War Of The Colossal Beast (1958) [REVIEW] | Recasting The Giant

Last year we tackled The Amazing Colossal Man, so it just common courtesy to cover the sequel, War Of The Colossal Beast, released just 1 year after and again directed, written and produced by the master of rear-projection cinema, Bert I. Gordon.

And yes, this isn’t just a loose remake/redo that might or might not take place after the original, this is actually a sequel, which isn’t always a given for this kind of movie, even more since it wasn’t marketed as a sequel to The Amazing Colossal Man (hence the title that doesn’t include “colossal man” in it) and the cast is different. But like the first movie, it was originally released as a double-feature, this time with another Bert I. Gordon flick, Attack Of The Puppet People, which i already mentioned in the review for The Amazing Colossal Man (and has an amazing Rifftrax version out).

After an alarming number of food delivery trucks robberies in Mexico, Joyce Manning, the sister of lieutenant Glenn Manning, starts to investigate and believes his brother, mutated into the giant, actually survived being shot by a tank and falling off the Boulder Dam, as she suspect he might be behind the delivery trucks being robbed of food.

With a scientist and an Army officer she goes to Mexico, and they confirm that indeed, Glenn is still alive and robbed the delivery trucks to eat, but the fall made him disfigured and nearly demented. They manage to capture him, but he manages to escape yet again, goes into a rampage through Las Vegas (for old times sake) and Hollywood, and almost kills a schoolbus full of children, but his sister manages to reason with him, making come back to his senses, and now, fully aware of what he did and became, decides to kill himself by holding onto high-voltage power lines.

And this time he would never rise again.

With this one, we have problems right away, like, i’m pretty sure lieutenant Glenn didn’t have any family aside his wife, they addressed this in The Amazing Colossal Man, they did, but now we have his sister, basically serving the same role as Glenn’s wife in the movie. So while Bert I. Gordon did conceive the story… i have a feel he didn’t check the screenplay by George Worthing Yates.

This isn’t the biggest problem, in itself, but it’s just so indicative how sloppy and disjointed this movie feels compared to the first one, and how much this is one or two steps back in terms of quality and pretty much anything. It’s completely unnecessary and a rethread poorly executed as well, since now the Colossal Man doesn’t even speak, he just roars and growls, he has no agenda or personality due to the convenient brain damage, and we’re given absolutely no reason to root for him, or even to care on a basic level, since the new characters are notably worse, more stupid and the acting on offer is of inferior quality as well.

Which i feel has to do with some of the casting, as the Colossal Man isn’t played by Glenn Langan here, but by Duncan Parkin, and at least they try to mask it’s not the same actor as before, especially with make up and by having half his face melted off revealing the teeth and skull, a nice grotesque detail for the time that does actually make the Titans from Attack On Titan come to mind.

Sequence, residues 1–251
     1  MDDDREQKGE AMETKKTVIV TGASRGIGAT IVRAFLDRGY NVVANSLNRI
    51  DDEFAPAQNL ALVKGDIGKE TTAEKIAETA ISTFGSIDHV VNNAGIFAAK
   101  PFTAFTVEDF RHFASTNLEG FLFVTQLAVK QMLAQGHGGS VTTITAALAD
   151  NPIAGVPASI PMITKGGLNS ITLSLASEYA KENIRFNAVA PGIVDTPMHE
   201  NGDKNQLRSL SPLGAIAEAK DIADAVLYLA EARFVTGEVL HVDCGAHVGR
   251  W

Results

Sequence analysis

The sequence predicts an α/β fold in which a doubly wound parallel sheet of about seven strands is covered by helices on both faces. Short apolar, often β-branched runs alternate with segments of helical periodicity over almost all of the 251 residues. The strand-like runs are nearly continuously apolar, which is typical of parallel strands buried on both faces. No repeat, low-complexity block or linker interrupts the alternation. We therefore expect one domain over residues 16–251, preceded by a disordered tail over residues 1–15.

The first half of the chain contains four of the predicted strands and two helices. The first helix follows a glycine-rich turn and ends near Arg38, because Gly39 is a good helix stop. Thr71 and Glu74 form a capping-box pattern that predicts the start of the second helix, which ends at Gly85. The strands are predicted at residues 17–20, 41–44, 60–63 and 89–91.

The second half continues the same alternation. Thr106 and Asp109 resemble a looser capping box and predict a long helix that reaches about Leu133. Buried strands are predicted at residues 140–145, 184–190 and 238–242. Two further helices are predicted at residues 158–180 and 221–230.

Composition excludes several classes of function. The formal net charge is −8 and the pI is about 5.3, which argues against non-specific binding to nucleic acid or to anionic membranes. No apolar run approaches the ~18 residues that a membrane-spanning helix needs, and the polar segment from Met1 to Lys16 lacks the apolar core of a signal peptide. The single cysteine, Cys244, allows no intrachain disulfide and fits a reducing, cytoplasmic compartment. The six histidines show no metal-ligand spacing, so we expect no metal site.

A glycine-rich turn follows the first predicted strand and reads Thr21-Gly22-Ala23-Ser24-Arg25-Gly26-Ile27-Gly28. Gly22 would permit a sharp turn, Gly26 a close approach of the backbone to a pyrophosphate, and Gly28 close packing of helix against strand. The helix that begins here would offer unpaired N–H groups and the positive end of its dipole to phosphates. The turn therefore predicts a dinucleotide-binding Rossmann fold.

Still a better effect than the one chosen for the cyclops in ….The Cyclops, that released a year earlier, also by B.I.G and with Duncan Parkin as the titular cyclops, where it looks like they just poured melted cheese over one of Parkin’ eyes.

I mean, it’s still a guy in loincloth with shaven head, so you’d think this would work fine if the movie doesn’t draw attention to it… but it does, because mid-way through, we get treated to 8/9 minutes of constant stock footage from The Amazing Colossal Man, framed with the giant tied after being shot, and recalling memories of scenes from that movie, complete with audio that feels different from the one in this film, and even bits of the old movie when Glenn talks.

Sure, the last one isn’t exactly a problem, as Duncan Parkin has just a single word line for his character, but it all makes it easier to tell this isn’t the same actor, and that this is exactly the kind of drive-in crap you would expect the first one to be. The only thing consistent is the quality of the special effects… which wasn’t good even in the first movie, but the plot and characters did manage to make a decent movie, despite the not that convincing effects for the monster.

Here not even the direction is acceptable, i know it’s Bert I. Gordon, but it’s clear he wasn’t even trying with this one, otherwise i can’t explain accidentally hilarious shit like the “montage” of goverment people calling each other on the phone to dodge paying the “custody fee” of the gigantic man-toddler, or the giant itself being able to escape despite being observed very closely (with flashlights, too) nearby him. Sure, he was able to break the chains slowly so to not arouse suspicion, i can buy that, but how the hell did he manage to sneak by the guards there is just… magic.

And it’s not like you get more monster action in exchange for less plot or anything else, you don’t even get that, unless you wanna count the stock footage scenes from the first movie. I don’t, since it’s just weasiling out of making more movie.

It’s not a complete stinker, even for Bert I. Gordon there’s worst, but it’s pretty bad, with some really, really dumb moments to boot, and while the finale is a tragic defeat that matches the tone seen in the ending of the first movie, it’s not enough to save War Of The Colossal Beast from sub-mediocrity. Even if the movie turns to color just for that 20 seconds death scene.

It’s kinda pointless as a sequel too, so if you just skip this movie all together.,.. you won’t be missing much. Same if you decide to actually watch for completition sake, not much to be gained either.



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